There are an estimated 136,000 people living on conditions of modern slavery in the United Kingdom (Global Slavery Index 2018). According to the 2017 annual figures provided by the National Crime Agency, 5, 145 potential victims of modern slavery were referred through the National Referral Mechanism in 2017, of whom 2,454 were female, 2688 were male and 3 were transgender, with 41% of all referrals being children at the time of exploitation. People are subjected to slavery in the UK in the form of domestic servitude, labour exploitation, organ harvesting and sexual exploitation, with the largest number of potential victims originating from Albania, China, Vietnam and Nigeria. This data however does not consider the unknown numbers of victims that are not reported.
Awais Raza was taken to a children’s home after his mother and father were killed. He describes this home as more like a prison. An older Afghan man helped him escape the abusive and exploitative children’s home and brought him to the UK. Upon arrival he was housed by an Afghan man in Luton and was given a passport. After two years of helping with cooking and cleaning in people’s homes, he sought out an education. At age 20 he was invited to a Home Office interview where he was forced to recount experience he had buried. After hours of questions, he was detained for 13 days before his solicitor could refer him to the National Referral Mechanism. Overall it took five years for Awais to be granted asylum in the UK.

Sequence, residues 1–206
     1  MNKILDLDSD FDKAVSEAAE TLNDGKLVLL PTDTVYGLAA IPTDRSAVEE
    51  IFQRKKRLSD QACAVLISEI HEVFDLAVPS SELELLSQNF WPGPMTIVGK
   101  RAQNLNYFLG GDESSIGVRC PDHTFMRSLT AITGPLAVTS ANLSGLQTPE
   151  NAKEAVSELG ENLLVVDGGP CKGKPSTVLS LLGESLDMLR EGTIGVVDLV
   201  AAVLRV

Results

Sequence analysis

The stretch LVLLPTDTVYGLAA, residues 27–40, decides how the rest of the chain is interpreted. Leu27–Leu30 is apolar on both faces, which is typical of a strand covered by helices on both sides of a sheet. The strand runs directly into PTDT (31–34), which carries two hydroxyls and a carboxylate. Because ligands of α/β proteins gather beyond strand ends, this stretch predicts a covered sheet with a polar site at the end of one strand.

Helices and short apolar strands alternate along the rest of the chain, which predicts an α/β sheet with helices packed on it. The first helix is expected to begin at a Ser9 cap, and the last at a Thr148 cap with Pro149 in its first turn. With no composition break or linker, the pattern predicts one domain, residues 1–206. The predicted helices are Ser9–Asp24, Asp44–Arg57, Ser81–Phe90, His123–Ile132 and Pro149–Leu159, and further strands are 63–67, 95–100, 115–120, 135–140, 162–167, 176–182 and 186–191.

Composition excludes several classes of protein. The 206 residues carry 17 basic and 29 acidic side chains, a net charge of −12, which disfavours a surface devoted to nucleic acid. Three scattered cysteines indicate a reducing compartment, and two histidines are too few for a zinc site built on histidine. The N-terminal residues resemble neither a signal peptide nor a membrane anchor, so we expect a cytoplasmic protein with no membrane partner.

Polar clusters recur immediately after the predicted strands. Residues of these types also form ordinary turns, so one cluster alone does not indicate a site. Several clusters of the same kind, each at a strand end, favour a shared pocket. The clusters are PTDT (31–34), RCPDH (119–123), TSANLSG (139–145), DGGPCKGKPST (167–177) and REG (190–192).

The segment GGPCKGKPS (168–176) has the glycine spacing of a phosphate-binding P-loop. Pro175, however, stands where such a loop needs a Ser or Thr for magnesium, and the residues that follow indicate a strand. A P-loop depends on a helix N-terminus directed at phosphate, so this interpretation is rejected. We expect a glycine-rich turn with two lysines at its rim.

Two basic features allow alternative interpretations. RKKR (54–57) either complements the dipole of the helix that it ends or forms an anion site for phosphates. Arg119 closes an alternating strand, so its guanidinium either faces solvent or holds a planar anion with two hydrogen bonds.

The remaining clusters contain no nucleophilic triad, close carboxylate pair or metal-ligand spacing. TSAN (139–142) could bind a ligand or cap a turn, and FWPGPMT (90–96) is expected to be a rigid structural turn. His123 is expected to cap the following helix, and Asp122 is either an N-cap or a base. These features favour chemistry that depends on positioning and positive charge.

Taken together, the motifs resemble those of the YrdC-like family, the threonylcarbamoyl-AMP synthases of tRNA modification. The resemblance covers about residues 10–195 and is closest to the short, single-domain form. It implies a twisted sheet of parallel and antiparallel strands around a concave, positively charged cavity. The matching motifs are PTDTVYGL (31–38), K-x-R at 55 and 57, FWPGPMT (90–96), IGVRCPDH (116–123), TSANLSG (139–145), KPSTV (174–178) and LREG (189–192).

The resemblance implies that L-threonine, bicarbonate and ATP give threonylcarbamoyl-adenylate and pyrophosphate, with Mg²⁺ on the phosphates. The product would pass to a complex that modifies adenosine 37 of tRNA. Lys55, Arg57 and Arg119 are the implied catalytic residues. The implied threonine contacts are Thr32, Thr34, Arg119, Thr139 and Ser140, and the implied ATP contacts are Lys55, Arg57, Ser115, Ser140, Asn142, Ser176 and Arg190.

My mum passed away a long time ago, and my sister passed away a long time ago. I don’t quite remember what happened, I don’t know.
Clean the house, take this rubbish, and they were beating me as well, forcing me to do work.
I have scars here and some on my feet. It’s like burning. They beat me like this, and I fall down. So I had to have stitches.
I was living in Luton, but at that time I had nothing. But the man who brought me here, he had told me I could stay here for some time, at that time I wasn’t even thinking about what happened in my past.
When I claimed asylum I went to London Lunar House, I go there in the morning for an interview. They gave me an ID and then after they took me to Heathrow’s detention centre. I was scared too much, I didn’t know where they were taking me in the small van.
In the night-time, there was too much terror. So, sometimes I slept in the morning, five or six hours. But at night-time it was a big problem.
I told them everything about there, and they put me in the detention centre.
You don’t know what it’s like, what your life will be. You stay the whole day home, just waking up in the morning, same days, same things.
In 2019, the Home Office sent me a letter for an interview. There were many times I said something wrong.
I waited a long time. I think five years. Now I think, it was better than my past, it wasn’t that good, but it’s better than before. So, every day brings something new, so I’m thinking for new things. So I’m hopeful for the future.
Narrative as reported in The Independent. All credit given.